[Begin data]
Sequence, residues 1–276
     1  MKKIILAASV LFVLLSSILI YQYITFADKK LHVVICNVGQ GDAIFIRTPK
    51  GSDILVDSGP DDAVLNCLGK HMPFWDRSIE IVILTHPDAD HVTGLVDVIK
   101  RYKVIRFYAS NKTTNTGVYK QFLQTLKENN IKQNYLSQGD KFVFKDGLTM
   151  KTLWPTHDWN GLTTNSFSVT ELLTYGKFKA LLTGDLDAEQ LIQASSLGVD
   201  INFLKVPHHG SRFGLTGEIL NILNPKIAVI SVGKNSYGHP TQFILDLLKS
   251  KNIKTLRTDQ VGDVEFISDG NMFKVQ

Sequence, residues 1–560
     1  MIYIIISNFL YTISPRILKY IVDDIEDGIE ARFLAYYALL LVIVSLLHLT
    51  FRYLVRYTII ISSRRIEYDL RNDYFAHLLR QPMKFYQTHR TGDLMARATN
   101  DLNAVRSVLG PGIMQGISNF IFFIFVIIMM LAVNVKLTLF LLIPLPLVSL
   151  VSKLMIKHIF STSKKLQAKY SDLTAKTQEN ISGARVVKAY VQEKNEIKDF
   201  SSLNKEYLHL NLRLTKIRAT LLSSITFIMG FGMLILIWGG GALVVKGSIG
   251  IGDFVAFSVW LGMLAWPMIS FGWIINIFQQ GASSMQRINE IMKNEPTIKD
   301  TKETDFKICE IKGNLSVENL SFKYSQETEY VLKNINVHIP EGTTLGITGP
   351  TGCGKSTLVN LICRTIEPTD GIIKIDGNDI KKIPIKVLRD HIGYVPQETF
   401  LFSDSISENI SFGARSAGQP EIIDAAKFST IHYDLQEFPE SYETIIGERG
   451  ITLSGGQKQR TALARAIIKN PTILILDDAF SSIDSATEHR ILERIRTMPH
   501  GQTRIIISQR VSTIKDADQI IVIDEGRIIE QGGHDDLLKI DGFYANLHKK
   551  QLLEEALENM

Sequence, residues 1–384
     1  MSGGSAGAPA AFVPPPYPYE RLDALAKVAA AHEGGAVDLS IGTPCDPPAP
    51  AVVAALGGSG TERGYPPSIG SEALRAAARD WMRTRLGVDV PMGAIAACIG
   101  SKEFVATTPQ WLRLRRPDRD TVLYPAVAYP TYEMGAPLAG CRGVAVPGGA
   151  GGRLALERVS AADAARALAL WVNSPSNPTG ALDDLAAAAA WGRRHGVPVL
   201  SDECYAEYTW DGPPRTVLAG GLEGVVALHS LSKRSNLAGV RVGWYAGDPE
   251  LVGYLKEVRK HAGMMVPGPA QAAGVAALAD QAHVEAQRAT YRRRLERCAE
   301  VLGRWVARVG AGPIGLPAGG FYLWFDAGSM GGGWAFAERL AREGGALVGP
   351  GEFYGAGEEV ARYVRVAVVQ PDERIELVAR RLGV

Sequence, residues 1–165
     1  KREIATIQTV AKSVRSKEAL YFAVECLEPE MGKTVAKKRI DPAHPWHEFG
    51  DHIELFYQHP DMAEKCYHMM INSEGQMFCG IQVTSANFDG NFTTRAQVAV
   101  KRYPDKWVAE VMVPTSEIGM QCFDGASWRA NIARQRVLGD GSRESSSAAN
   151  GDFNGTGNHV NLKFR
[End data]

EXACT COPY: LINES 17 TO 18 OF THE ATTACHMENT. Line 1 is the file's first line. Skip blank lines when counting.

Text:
   401  LFSDSISENI SFGARSAGQP EIIDAAKFST IHYDLQEFPE SYETIIGERG
   451  ITLSGGQKQR TALARAIIKN PTILILDDAF SSIDSATEHR ILERIRTMPH